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Ann Thorac Surg. 2014 Feb;97(2):569-76. doi: 10.1016/j.athoracsur.2013.07.083. Epub 2013 Oct 17.

Clinical outcome after triple-valve operations in the modern era: are elderly patients at increased surgical risk?

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  • 1Division of Thoracic and Cardiovascular Surgery, Department of Surgery, University of Louisville, Louisville, Kentucky. Electronic address:
  • 2Division of Thoracic and Cardiovascular Surgery, Department of Surgery, University of Louisville, Louisville, Kentucky.



Despite modern advances in surgical care, triple-valve surgery (TVS) remains a challenge and carries a mortality of 10% to 20%. No validated risk score is available for TVS, and the effect of advanced age is unknown. This study examined our results in the modern era with the aim of identifying perioperative predictors of adverse outcomes.


Between 1997 and 2013, 131 patients (mean age, 67.2±13.4 years) underwent TVS at our institution. Sixty-eight patients (51.9%) were aged 70 years and older. The most common etiology for aortic and mitral disease was degenerative (77.1%), rheumatic (10%), and endocarditis or prosthetic-related, or both, in the rest. Tricuspid valve disease was functional in 96%. New York Heart Association functional class III/IV was present in 69.4%, and 24% had had previous cardiac operations. One or more concomitant cardiac procedures were performed in 77 patients (58.8%), including coronary revascularization in 54. All aortic procedures were replacements, 14 patients required a prosthetic root conduit and 7 thoracic aorta replacement. Mitral replacements were used in 55%, repairs in 45%, and 96.2% of tricuspid procedures were repairs. Univariate and multivariate analyses were used to determine predictors of adverse outcomes.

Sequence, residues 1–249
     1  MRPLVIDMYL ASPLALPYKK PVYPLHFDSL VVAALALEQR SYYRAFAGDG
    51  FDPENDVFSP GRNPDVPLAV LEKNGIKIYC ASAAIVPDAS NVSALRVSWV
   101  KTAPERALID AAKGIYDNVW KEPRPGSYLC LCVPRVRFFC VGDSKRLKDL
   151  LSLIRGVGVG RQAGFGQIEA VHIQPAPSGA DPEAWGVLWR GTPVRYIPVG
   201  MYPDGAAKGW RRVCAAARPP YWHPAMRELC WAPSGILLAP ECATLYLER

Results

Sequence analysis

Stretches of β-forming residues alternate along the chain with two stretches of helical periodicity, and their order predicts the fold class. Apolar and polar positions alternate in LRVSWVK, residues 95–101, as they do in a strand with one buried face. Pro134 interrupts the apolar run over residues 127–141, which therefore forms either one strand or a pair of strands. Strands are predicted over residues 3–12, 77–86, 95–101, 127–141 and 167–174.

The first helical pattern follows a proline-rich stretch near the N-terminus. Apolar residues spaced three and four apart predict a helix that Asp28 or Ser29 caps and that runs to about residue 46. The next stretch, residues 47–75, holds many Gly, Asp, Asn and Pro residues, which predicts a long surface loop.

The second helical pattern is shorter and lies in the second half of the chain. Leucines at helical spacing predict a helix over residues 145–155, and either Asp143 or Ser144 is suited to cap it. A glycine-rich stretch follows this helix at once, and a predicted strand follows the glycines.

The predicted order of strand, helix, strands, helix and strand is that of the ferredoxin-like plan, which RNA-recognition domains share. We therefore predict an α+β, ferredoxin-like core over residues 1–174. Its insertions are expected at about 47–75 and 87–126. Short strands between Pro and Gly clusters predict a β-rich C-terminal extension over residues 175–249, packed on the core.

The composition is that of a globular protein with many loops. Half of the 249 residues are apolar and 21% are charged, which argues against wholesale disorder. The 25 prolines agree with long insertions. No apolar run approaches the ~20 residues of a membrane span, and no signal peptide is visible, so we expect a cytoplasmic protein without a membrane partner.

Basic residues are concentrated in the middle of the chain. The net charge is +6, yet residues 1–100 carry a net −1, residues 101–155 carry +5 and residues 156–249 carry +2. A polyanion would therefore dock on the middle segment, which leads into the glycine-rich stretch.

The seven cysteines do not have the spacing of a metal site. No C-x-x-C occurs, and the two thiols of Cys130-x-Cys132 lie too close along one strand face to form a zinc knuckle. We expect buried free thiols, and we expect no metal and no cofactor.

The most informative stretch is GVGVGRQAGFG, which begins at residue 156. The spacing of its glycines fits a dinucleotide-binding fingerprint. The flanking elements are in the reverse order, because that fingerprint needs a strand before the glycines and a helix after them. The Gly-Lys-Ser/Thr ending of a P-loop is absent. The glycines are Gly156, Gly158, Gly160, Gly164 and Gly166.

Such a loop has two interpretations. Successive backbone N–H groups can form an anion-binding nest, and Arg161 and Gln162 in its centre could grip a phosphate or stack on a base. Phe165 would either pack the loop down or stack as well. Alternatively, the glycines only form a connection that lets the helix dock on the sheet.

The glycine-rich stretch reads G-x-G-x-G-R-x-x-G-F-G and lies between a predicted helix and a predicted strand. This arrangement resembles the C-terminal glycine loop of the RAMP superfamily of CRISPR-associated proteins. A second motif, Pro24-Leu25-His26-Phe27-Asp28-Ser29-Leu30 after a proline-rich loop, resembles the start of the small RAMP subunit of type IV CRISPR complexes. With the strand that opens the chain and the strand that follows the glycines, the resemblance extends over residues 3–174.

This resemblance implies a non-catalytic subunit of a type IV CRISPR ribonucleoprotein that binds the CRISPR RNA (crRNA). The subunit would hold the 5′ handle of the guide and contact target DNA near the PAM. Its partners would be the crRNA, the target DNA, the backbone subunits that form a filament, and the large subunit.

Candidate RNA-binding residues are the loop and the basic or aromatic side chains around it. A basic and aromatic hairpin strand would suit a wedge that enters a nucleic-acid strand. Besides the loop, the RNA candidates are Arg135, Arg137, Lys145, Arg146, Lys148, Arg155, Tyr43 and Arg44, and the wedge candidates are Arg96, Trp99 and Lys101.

The 30-day and hospital mortality was 10.6% (n=14). Major complications occurred in 70 (53.4%). Univariate analysis identified New York Heart Association functional class III/IV (p=0.04), preoperative renal failure requiring dialysis (p=0.04), urgent operation (p=0.04), intraaortic balloon pump placement (p=0.02), and postoperative low cardiac output (p<0.0001) as predictors for early death. Proximal aortic operations, urgent operation, and New York Heart Association class IV correlated with increased early mortality (p<0.04) in patients aged 70 and older in addition to their decreased overall survival and decreased likelihood of discharge to home. Overall actuarial survival at 1, 5, and 10 years was 84.5%, 75%, and 45%, respectively.


TVS remains a surgical challenge in the modern era. Despite a trend of increasing age and surgical risk, the early mortality rate and long-term survival remain respectable. Advanced age is associated with increased perioperative risk, but age per se should not be a contraindication for TVS.

Copyright © 2014 The Society of Thoracic Surgeons. Published by Elsevier Inc. All rights reserved.


35; CABG; CPB; EF; EuroSCORE; European System for Cardiac Operative Risk Evaluation; HR; ICU; NYHA; New York Heart Association; PAP; SD; TIA; TVS; cardiopulmonary bypass; coronary artery bypass graft; ejection fraction; hazard ratio; intensive care unit; pulmonary artery pressure; standard deviation; transient ischemic attack; triple-valve surgery

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  • Invited commentary. [Ann Thorac Surg. 2014]
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